Warning: The following paragraphs may contain spoilers for the third season of Fridays For All Mankind. Proceed at your own risk!
The viewer's displeasure with Danny and Jimmy Stevens is a good thing, according to the showrunners for For All Mankind.
When Danny's childhood best friend, Karen Baldwin, was found to be his first suspect in the second season, the elder brother made his first public appearance. As the current third season begins this summer, the subject continued to rear its head. Although nearly ten years had gone since the tryst and Danny had gotten married to an age-appropriate woman, he still wanted Karen, who had recently broken up with a one-time hookup.
Danny's uneasy behavior grew as the season progressed: he cheated on his wife, was arrested, secretly watched Karen and Ed's video messages to one another, developed a heroin addiction, lashes out against his commander, Ed, and caused a catastrophic mining accident on Mars that cost several astronauts their lives.
Jimmy's younger sister Jimmy joined a group of conspiracy theorists following his parents' death on the moon 10 years prior. The extremists fabricated Jimmy and exploited him to gain access to the Johnson Space Center, which they bombed in Season 3, killing Karen and former astronaut Molly Cobb, among others. (Get more information on those victims here.)
Matt Wolpert and Ben Nedivi, co-showrunners and EPs, both brothers arcs this season were met with viewer displeasure over the characters' increasingly bad choices.
The Stevens siblings' strong response from the audience is a welcome one, because to me and to [co-creator] Ron [D. Moore] early on, passion is passion, according to Nedivi. When you're getting passionate reactions from people, you're doing something good.
Danny went through a rough patch when Gordo and Tracy died, so its only natural that he and Jimmy would be messed up. Just losing your parents at that age, trying to live up to their legacy, but also carrying around that ghost I can't imagine [how difficult that must be], Nedivi thinks.
Dannys portrayer is praised by Wolpert for taking on the task of portraying the ludicrous young astronaut and bringing pathos to his hardships, according to the author. That character is easy to hate, but he also goes through so much, and he is bringing that suffering to life more and more as the season progresses.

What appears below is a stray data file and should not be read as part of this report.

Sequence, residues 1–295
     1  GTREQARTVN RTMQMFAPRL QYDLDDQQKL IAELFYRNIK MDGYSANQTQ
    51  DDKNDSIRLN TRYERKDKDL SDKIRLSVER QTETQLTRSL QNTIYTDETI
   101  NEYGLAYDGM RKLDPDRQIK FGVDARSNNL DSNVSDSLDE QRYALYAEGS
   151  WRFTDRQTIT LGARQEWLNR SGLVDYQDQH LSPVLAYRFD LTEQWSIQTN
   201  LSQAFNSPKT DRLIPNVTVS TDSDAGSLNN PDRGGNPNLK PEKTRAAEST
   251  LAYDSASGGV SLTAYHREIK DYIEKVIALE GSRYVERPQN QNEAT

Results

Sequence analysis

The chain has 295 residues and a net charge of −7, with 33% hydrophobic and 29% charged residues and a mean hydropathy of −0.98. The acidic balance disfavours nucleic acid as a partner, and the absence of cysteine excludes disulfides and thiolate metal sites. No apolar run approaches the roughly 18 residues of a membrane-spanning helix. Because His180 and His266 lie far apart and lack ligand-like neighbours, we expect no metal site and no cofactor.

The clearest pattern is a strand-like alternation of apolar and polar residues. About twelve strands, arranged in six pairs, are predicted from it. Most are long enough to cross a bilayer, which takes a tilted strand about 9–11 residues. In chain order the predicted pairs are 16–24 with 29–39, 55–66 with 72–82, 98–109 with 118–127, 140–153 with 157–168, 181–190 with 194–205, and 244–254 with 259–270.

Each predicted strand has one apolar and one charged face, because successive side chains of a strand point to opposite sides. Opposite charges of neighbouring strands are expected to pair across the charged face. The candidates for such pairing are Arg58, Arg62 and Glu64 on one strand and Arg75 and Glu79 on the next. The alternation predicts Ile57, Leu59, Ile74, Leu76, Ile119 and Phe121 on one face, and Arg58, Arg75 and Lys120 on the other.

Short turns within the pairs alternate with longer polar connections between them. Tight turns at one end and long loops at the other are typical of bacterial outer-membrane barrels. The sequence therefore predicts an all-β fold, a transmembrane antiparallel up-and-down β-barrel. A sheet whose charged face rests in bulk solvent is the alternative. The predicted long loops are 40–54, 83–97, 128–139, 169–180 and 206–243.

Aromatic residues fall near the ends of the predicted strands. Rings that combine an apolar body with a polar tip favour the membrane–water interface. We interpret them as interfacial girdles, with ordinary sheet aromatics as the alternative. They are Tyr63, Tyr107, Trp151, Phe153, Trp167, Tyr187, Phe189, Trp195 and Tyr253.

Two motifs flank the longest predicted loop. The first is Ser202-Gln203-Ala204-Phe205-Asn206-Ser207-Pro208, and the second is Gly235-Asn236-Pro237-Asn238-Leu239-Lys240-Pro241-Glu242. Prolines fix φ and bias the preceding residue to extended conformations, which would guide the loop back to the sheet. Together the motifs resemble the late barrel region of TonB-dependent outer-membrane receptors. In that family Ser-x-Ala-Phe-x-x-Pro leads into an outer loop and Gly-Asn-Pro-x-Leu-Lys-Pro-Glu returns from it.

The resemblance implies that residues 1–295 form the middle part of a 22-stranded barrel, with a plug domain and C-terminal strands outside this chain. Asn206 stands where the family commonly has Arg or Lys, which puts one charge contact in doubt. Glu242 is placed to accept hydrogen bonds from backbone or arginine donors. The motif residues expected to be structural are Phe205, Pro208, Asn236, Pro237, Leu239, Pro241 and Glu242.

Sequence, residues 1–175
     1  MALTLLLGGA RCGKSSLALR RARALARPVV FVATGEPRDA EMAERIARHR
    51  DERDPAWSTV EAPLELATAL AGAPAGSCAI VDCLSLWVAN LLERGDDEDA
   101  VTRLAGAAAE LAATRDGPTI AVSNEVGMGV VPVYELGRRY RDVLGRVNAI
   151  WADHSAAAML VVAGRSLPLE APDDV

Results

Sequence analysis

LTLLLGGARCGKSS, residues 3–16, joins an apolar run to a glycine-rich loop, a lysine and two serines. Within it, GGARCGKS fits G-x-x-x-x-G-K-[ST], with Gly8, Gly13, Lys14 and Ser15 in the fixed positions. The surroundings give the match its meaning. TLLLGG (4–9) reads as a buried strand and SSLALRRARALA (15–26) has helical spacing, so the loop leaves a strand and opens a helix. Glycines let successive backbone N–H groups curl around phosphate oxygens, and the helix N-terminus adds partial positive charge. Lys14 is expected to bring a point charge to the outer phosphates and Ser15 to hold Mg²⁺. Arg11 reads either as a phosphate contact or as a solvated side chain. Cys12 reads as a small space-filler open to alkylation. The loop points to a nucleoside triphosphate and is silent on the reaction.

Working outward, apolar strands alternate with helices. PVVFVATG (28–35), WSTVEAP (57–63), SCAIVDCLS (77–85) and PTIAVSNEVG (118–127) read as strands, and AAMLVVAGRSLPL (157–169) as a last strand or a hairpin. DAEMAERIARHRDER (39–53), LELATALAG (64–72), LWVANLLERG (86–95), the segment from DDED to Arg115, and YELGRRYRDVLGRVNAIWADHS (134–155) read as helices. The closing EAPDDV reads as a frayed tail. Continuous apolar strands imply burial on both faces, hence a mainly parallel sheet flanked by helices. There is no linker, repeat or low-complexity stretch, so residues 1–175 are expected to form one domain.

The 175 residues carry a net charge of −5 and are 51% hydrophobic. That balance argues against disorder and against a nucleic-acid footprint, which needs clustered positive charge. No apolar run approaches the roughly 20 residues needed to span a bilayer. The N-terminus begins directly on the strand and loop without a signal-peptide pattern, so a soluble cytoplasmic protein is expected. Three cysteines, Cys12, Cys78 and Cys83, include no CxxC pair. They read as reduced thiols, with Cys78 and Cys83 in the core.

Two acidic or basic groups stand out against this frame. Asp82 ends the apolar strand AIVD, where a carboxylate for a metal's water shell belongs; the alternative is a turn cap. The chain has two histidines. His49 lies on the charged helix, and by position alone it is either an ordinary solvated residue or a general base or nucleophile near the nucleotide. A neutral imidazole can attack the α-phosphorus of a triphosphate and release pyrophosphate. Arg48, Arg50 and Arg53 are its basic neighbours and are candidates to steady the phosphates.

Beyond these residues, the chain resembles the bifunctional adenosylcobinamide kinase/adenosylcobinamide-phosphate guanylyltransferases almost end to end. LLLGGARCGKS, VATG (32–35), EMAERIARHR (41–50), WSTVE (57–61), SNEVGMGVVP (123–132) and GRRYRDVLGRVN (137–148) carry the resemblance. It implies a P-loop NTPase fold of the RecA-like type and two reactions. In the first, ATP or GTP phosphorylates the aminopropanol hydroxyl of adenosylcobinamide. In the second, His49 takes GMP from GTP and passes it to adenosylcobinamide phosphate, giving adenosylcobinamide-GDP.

According to Wolpert, Danny made one excellent decision: When he and Ed were buried alive in a Helios Mars habitat in Episode 8, it appeared that Danny was on the verge of confessing about his affair with Karen. However, even after they were rescued, Danny never disclosed to Ed that he was the one who slept with Karen.
I'm not going to say that [there is] a redemptive quality, but Wolpert says. If Danny said [the truth] to Ed, he would be completely unredeemable. There is an element of] he wanted to take everything off his shoulders, [but] knowing that that would destroy Ed in a further way, he's keeping it [to] himself almost out of kindness.
Danny admitted to being to blame for the mining accident, causing Ed and Danielle to send him to Mars, where they will send him monthly supplies, according to viewers. (He certainly attempted to do so when he volunteered for a dangerous mission with Eds pregnant daughter, Kelly). Ultimately, the showrunners chose not to give Danny an obvious redemption narrative.
We planned to tell a tragic tale of the character, and that's why the end felt appropriate for him, according to Nedivi.